14. We had an indifferent meal on Friday at Le Divellec, a Michelin 2-star fish and seafood place on the Invalides in the 7th. The dining room is nice; they seated us next to the lobster tank because we had children with us -- and it did keep them entertained -- and the head waiter fished a giant lobster out of the tank for them to play with. We had a couple of amuse-bouches -- little dishes of mussels in an americaine sauce, and some shrimps, and some sort of mushed up fish thing that I ate without paying any attention to which was pretty tasty. Also a dish of those little grey shrimp. We had as starters: some raw sea urchins -- impeccable some raw praires (large clams 'tartufi di mare' in Italian, and the rather less charming name of Warty Venus clams in English) lobster on a bed of wilted chicory with truffle vinaigrette; this was very good, but was slightly over-complicated -- there was a slight curry flavour which didn't seem to have any point, but the basic idea of the dish which was the combination of the flavour of the Breton lobster with the bitter sweet chicory (I think perhaps in America this is called Belgian endive -- the firm white stuff not the fizzy green stuff anyway) was excellent. I couldn't taste any truffle in the vinaigrette though it was very dark brown. Main courses were my son had a sea bass en croute de sel that he thought was very very good indeed and I had some -- it was excellent. my daughter had some steamed scallops in a sort of soup of water cress (I think) that she didn't like becuase it was too creamy. I had some sole with an oursin sauce. I had very mixed feelings about the dish -- the sauce was very good and the flavour of the oursin came through perfectly. But ... in the end I didn't really like it -- it was a bit confused -- there were lots of other bits and pieces on the plate -- a little mousse of sole (I think). The other main course was a scallop dish with a little risotto that was good but the waiter had assured my wife that it would be not very buttery, and the scallops were swimming in a very buttery sauce. Puddings were good -- roast pear, and a chocolate and mint hot souffle, followed by a few plates of little chocolates and stuff, including some mini creme brulee that I was the only one to sample. About 600 Euros for 4 with a bottle of O. Leflaive recommended by the sommelier. All in all not really worth it -- there was nothing really wrong with it, but the level of culinary intelligence on display was not really sufficient to justify the complexity of the food. The fish and seafood were as you would expect of an extremely high quality. The following day, my wife and son had gastro-enteritis (probably unrelated).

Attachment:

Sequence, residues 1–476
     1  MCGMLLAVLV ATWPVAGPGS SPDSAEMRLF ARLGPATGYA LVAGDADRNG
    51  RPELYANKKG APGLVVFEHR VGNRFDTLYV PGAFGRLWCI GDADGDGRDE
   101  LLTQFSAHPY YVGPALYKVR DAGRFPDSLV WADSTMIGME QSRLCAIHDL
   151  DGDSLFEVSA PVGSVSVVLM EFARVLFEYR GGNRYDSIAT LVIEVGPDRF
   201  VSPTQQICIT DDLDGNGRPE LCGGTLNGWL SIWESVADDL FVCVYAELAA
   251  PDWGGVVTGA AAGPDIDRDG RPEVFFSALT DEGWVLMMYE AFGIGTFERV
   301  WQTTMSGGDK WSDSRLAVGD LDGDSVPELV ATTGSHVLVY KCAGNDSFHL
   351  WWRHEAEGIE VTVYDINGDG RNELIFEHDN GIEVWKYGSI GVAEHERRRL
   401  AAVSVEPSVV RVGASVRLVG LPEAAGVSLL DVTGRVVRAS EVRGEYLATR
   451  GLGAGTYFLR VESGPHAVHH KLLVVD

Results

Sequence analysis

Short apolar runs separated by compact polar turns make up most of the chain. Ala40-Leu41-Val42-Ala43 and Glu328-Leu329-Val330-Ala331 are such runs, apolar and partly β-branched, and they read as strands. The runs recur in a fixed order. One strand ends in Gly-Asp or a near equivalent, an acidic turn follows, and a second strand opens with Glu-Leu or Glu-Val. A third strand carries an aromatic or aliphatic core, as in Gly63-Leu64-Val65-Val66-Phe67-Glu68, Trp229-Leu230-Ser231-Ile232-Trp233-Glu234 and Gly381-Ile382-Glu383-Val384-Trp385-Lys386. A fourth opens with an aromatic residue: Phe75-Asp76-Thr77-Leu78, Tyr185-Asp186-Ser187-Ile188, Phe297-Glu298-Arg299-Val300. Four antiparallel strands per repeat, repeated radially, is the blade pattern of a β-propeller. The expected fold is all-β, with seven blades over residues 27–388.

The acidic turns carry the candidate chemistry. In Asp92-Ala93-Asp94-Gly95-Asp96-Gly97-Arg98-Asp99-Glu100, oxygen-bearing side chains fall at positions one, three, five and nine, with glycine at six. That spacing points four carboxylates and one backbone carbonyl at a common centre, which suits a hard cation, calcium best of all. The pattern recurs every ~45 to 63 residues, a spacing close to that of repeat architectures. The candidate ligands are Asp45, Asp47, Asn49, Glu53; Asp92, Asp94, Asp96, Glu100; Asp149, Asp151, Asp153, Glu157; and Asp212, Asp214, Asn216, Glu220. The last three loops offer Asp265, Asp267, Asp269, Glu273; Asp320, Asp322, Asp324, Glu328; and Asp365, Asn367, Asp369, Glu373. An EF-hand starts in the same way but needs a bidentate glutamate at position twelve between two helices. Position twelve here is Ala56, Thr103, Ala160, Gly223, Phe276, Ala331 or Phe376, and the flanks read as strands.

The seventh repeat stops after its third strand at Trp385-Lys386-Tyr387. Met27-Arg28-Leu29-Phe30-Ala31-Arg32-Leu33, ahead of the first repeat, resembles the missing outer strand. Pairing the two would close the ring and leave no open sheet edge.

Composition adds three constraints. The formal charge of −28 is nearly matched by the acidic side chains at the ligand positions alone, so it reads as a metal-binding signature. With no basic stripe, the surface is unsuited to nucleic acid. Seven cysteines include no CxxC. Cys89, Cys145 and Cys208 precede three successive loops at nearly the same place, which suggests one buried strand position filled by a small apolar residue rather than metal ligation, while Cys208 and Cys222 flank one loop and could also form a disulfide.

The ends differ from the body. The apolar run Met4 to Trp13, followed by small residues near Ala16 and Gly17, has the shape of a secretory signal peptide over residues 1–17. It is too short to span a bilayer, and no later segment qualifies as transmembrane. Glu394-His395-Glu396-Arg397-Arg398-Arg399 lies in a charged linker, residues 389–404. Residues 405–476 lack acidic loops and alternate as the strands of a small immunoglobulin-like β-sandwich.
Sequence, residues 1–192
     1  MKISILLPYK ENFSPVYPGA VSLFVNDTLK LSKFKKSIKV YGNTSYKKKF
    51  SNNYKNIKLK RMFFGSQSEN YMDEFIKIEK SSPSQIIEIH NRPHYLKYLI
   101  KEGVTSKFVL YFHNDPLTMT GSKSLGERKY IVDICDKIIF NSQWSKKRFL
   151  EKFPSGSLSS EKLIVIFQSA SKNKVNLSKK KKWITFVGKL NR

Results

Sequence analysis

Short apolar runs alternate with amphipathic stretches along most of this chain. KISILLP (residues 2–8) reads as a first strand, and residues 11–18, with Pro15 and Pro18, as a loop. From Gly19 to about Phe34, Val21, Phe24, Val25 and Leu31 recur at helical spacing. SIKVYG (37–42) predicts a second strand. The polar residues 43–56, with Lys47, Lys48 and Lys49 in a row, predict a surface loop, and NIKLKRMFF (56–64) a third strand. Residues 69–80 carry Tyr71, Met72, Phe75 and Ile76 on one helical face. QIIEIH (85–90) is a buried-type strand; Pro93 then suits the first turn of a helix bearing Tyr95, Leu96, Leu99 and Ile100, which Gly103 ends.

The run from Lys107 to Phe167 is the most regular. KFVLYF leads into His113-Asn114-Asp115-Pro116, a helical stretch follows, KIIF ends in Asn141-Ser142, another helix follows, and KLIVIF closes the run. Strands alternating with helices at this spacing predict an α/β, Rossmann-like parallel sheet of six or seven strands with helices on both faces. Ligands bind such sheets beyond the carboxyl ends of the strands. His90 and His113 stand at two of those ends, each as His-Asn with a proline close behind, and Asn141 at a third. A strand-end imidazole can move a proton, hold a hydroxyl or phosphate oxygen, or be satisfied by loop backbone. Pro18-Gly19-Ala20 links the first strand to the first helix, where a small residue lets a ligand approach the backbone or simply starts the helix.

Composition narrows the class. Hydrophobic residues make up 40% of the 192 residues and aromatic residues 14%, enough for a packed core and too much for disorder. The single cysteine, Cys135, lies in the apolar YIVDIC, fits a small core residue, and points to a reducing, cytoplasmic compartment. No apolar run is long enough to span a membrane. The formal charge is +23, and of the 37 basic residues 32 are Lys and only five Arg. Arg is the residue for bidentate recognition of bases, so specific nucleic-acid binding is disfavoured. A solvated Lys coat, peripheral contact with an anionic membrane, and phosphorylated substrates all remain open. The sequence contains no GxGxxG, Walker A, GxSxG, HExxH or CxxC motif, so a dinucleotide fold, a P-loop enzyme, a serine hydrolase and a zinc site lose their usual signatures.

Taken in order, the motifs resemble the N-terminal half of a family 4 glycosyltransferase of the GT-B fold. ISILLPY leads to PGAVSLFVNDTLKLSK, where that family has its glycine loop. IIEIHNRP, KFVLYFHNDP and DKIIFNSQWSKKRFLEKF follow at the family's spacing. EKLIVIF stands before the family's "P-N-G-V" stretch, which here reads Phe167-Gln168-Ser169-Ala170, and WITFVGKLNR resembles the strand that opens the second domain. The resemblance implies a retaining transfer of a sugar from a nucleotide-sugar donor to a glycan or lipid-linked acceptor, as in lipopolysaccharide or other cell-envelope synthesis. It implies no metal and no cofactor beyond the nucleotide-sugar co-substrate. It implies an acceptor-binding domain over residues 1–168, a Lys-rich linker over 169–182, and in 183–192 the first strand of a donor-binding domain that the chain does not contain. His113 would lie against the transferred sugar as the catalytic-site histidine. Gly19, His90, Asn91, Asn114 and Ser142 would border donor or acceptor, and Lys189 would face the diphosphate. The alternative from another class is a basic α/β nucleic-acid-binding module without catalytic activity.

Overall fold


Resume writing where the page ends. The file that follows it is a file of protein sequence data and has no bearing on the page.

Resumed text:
15. What about le Bottin Gourmand? Does anyone like it?